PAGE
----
September 20, 2020

UV light (UVC) is an essential feature in most modern homes. UV light is used to reduce the number of microbes in your home and in the ductwork. UV light can kill viruses, bacteria, and germs in your home. Since 1916, UV light has been used to treat water. The light provides a blanket around the passages in your home and lamps, killing all air pollutants. Today, UV light treats drinking water and indoor air. Here are some FAQs about UV light and indoor air quality.

How Do UV Air Purifiers and Air Filtration Contrast?

UV air purifiers and air filters help in removing harmful elements from your home. However, UV air purifiers are used in removing airborne germs, bacteria, and mold. Air filtration, on the other hand, removes harmful particulates that later become airborne.

What Care and Maintenance Can Be Given to a UV Light Purifier?

A UV light air purifier requires minimal maintenance. Depending on the model you are using, replace the bulb once a year or once every two years.

Is There an Increase in Airborne Contaminants?

Yes, there has been an increase in airborne contaminants. There have been changes in your home that accelerates the growth of microorganisms. Self-defrost refrigerators and air-conditioned homes provide breeding grounds for mold and bacteria. Airborne house dust comes from dead skin, hair, and dust mite feces. Additionally, since you spend more than 95% of your time indoors, there is an increase in interior dust.

Is UVC Similar to Ozone?

No, these two products are different. UVC is electromagnetic energy or rays. Ozone is a chemical that can mix with air and travel to your indoor air. Ozone changes the structure of any material that it comes into contact with. UVC travels through wave energy, and the energy needs to be in the line of sight. Once introduced to a light source, UVC degrades.

Do Microorganisms Need to Be Within the UVC to Get Killed?

If you are using UVC in your home, you need to ensure that the microorganisms are irradiated directly. Although germs can be affected by reflected UVC, it takes longer, and they need to be closer to the reflected light source. Polished aluminum and magnesium chloride can be used to reflect UVC. A common mirror is not effective.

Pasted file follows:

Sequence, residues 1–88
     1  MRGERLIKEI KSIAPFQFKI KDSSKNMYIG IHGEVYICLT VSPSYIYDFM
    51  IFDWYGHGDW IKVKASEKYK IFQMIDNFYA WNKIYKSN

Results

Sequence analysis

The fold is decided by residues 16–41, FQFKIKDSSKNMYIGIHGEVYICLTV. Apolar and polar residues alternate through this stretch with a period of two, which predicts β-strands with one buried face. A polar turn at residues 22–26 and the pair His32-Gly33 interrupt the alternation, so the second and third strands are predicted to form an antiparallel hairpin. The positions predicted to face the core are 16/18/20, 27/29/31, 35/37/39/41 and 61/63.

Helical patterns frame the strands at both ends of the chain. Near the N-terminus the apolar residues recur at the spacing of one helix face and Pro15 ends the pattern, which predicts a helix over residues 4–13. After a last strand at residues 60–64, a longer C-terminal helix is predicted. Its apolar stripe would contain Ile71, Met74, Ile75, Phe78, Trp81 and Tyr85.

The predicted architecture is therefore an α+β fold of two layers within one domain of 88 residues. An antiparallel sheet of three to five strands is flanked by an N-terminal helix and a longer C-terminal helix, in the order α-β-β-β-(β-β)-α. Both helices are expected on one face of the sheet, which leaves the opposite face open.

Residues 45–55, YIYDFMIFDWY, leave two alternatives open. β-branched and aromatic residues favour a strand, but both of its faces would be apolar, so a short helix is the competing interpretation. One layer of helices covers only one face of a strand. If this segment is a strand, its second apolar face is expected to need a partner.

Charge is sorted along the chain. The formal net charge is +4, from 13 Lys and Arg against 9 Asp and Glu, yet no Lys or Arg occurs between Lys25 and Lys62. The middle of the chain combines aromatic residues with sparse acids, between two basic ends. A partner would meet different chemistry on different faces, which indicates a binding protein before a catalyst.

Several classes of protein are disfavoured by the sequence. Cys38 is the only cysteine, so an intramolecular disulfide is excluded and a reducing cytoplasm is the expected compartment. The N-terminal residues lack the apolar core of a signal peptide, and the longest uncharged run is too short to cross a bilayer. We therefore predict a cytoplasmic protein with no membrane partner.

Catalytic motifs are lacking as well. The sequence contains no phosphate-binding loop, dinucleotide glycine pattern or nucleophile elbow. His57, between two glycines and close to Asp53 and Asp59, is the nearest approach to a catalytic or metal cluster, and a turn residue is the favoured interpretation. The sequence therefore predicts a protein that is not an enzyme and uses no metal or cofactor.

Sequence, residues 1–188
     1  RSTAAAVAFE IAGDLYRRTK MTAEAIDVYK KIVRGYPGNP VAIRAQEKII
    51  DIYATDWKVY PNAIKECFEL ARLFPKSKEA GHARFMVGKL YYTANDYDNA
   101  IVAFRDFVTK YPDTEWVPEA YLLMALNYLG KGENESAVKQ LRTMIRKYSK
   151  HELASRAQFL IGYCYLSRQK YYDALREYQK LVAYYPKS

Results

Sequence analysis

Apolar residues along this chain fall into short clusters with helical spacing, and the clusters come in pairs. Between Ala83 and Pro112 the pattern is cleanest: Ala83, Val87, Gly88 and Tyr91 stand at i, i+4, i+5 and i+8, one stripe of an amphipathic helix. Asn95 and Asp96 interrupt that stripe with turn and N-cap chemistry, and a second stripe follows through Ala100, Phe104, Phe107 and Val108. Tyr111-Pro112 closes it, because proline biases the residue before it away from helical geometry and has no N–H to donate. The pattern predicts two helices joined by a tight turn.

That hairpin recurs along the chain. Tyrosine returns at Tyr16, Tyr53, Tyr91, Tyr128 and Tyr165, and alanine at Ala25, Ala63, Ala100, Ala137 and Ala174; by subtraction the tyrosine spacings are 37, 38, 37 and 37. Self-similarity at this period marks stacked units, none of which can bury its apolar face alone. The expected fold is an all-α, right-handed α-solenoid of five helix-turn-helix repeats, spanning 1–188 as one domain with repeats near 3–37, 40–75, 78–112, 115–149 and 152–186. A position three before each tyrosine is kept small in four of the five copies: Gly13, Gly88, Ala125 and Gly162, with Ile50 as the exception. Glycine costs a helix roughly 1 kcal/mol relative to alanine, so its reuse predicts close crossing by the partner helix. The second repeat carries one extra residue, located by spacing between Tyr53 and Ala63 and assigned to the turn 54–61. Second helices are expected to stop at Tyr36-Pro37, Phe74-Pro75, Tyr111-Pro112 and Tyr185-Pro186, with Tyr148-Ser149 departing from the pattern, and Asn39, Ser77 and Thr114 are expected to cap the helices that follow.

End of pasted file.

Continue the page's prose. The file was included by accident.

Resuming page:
Where Can You Place UVC in Your Home?

To effectively clean your indoor air, the UVC must be placed where the indoor air is cleaned regularly. The HVAC system of your house ensures that the air you breathe at home is clean. If you need to clean and purify the air you breathe at home even further, place the UVC within the HVAC unit. Placing the UVC lamp in the unit ensures that you take advantage of the only place where air passes to your room.

How Does a UV Air Cleaner Work?

An air cleaner is installed on the supply side of the air return of your HVAC system. The lamp emits UV light that eliminates fungi, mold, bacteria, and viruses that can be otherwise circulated by the HVAC unit. To effectively kill germs, the lamp emits powerful UVC rays at the optimum level. For the strongest germicidal lamp in the market, contact Controlled Climate Services.

Is UV Light Harmful to People?

UVC is harmful to people just like the sun’s UV light when you are exposed for a long time. Ensure that you and your family members are not exposed to the UVC for long periods. Fortunately, when the UV light system is installed in the HVAC unit, the risk of direct exposure is reduced. Further, before replacing the lamps, power off the purifier.

Why Not Use Ozone-Generating Cleaners?

Indoor use of ozone is discouraged by the EPA and the American Lung Association. Ozone is corrosive to the lung tissues. Additionally, ozone is also corrosive to certain materials and could damage your HVAC unit.

Do Air Filters Eliminate Germs?

The role of air filters is to trap microbes. However, they do not trap 100% of all germs. Microorganisms cannot be trapped in the filters. Additionally, microorganisms reproduce very quickly, making it easy to contaminate the indoor environment. Mostly, air filters become breeding grounds for microorganisms.

Controlled Climate Services offers experts in maintaining your indoor air quality. We also offer heating and cooling installation, maintenance, and repair services in Denver and Boulder. Call us to book an appointment.

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